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PacifiCorp

  • Residential Service, Oregon


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Idaho Power

  • Residential Service, Idaho


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Idaho Power

  • Res. CPP Service, Emmett Valley, Idaho


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Avista Power

  • Residential Service, Idaho


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Avista Power

  • Residential Service, Washington


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Tuscon Electric Power

  • Residential Service, Arizona


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Southern California Edison

  • Residential Service, California


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San Diego Gas and Electric

  • Residential Service, California


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Alliant

  • Residential Service, Iowa


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Xcel Energy

  • Residential Service, Minnesota


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Xcel Energy

  • Optional TOU Res. Service, Minnesota


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Rate design determines who’s bearing price volatility risk

  • From one extreme

    • Flat $/kWh price in all hours

      • Volatility of wholesale price in the short run is borne by the supplier; presumably a premium for holding that risk (i.e., hedging it for the consumer) is included in the price

  • To the other

    • Real-time price in all hours

      • The wholesale price is passed through to the customer in every hour; the customer bears the risk entirely

  • And everything in between

    • Seasonally differentiated, time-of-use, critical peak, and other pricing

      • The volatility risk is shared in varying degrees by customer and supplier


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Questions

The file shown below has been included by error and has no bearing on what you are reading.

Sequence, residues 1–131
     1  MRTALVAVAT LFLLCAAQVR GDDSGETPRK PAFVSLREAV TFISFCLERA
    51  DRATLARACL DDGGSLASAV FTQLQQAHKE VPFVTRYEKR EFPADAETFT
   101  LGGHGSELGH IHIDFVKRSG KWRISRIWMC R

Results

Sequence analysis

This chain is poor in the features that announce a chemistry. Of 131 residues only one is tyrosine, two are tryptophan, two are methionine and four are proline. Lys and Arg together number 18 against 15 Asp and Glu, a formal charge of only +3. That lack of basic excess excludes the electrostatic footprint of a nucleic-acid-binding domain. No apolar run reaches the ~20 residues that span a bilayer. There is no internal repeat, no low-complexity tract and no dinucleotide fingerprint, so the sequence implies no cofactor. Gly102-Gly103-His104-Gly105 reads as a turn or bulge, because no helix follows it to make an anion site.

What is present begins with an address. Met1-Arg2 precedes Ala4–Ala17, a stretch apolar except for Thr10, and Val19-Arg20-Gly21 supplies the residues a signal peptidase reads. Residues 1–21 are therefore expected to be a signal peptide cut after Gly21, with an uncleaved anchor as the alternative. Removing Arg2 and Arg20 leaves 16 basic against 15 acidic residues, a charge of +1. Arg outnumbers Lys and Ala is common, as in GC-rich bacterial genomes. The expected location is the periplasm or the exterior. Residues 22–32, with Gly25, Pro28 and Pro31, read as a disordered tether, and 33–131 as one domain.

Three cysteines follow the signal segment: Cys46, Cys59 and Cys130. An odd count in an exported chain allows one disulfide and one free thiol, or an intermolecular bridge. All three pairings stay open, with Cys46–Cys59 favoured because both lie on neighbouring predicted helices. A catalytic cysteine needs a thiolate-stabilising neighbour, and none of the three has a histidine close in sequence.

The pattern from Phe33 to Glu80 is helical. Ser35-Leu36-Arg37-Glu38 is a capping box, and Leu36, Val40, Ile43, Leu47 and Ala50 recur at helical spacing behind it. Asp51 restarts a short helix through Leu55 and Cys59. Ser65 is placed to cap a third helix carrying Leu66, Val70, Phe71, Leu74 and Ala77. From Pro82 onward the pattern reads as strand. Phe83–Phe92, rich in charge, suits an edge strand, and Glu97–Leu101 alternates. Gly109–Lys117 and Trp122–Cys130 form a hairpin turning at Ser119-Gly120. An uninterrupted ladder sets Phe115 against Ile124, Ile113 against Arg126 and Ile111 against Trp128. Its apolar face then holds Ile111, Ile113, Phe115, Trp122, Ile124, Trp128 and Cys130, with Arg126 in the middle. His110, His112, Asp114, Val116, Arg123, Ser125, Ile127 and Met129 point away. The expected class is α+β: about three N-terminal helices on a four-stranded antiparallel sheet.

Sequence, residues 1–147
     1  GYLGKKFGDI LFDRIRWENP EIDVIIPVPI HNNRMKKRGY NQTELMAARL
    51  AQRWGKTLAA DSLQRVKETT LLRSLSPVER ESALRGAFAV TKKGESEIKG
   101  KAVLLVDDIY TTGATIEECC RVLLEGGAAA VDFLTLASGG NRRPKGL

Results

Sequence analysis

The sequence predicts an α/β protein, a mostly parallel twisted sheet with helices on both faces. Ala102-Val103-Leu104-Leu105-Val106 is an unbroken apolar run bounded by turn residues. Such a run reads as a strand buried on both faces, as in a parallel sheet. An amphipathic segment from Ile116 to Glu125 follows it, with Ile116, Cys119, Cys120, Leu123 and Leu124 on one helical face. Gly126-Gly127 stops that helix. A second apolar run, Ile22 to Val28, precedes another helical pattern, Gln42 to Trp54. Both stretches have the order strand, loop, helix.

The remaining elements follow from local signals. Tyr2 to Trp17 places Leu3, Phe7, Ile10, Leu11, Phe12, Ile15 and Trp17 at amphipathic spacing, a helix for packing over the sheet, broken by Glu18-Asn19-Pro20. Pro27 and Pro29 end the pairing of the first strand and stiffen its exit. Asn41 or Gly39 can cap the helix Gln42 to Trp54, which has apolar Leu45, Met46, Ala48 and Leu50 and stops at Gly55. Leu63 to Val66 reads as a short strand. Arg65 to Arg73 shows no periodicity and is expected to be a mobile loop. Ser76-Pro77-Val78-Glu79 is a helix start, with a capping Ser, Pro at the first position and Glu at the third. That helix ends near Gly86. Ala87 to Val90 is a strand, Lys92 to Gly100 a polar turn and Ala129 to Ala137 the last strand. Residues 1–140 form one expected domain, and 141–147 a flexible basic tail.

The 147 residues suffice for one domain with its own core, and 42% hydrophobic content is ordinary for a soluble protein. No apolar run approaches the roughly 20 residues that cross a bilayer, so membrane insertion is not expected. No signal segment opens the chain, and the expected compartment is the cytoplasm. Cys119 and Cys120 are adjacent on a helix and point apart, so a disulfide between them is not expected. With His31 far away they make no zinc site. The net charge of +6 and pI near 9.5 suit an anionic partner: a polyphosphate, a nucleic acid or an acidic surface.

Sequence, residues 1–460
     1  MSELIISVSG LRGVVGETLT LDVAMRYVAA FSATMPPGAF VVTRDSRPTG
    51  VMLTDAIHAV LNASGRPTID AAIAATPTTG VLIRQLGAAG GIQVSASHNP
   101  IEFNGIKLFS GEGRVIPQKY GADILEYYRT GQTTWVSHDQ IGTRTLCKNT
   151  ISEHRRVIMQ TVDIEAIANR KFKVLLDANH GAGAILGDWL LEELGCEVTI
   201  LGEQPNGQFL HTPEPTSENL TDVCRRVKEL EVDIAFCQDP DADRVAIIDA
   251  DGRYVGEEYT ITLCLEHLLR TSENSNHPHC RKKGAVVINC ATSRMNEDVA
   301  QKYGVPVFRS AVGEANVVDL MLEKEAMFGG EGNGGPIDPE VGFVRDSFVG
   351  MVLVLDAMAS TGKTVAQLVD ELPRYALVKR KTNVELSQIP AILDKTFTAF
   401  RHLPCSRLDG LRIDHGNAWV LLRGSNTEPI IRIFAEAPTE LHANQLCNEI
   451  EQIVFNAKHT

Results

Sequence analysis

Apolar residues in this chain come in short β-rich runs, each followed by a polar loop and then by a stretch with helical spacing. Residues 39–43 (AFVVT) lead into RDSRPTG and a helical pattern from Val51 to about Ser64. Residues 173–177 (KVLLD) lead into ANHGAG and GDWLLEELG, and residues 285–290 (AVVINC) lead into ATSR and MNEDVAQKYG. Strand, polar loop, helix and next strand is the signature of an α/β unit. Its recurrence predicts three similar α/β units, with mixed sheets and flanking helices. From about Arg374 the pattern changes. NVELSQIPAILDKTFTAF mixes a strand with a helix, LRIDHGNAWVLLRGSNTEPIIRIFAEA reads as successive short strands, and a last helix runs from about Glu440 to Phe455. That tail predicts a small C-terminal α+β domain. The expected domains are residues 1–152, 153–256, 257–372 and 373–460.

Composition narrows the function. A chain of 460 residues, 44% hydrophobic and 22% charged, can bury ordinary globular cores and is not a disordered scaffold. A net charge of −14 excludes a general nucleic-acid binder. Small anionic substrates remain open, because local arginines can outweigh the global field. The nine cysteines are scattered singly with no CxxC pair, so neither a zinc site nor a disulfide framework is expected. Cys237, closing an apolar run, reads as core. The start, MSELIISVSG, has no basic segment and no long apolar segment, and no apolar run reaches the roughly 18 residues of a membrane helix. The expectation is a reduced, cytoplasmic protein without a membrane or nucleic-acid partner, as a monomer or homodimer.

• What is the size of the demand-response resource associated with TOU, CPP, and other more dynamic pricing options?

  • What actions should be taken to answer this question?

    • Rate design dockets

    • Pilots such at the California critical peak pricing pilot

      • Are the lessons from other jurisdictions applicable here?

  • What effect does implementation of CPP and other time-sensitive pricing have on the procurement and provision of default service?


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    Policy Issues

    • Overall cost-effectiveness and AMI cost-recovery

    • Addressing multiple perspectives

      • Equity: There will be winners and losers; the program may look attractive for some and unattractive for others

        • Are economically more efficient rates in fact more equitable?

      • Impacts on low-income customers

        • Ability to respond to price signals, regulatory protections?

      • Revenue neutrality under the new rate designs

        • Default service: adjustments for changed load profiles of responding customers

        • Distribution service: impacts of conservation differ from those of load-shifting

    • Deciding on deployment strategy

      • Voluntary

        • Opt-in or opt-out

      • Mandatory

    • Customer concerns about rate hikes and price instability

    • Relationship to energy efficiency and other clean energy programs

      • Dynamic pricing complements energy efficiency, but isn’t a substitute for it

      • How to allocate scarce investment dollars between efficiency and smart grid infrastructure?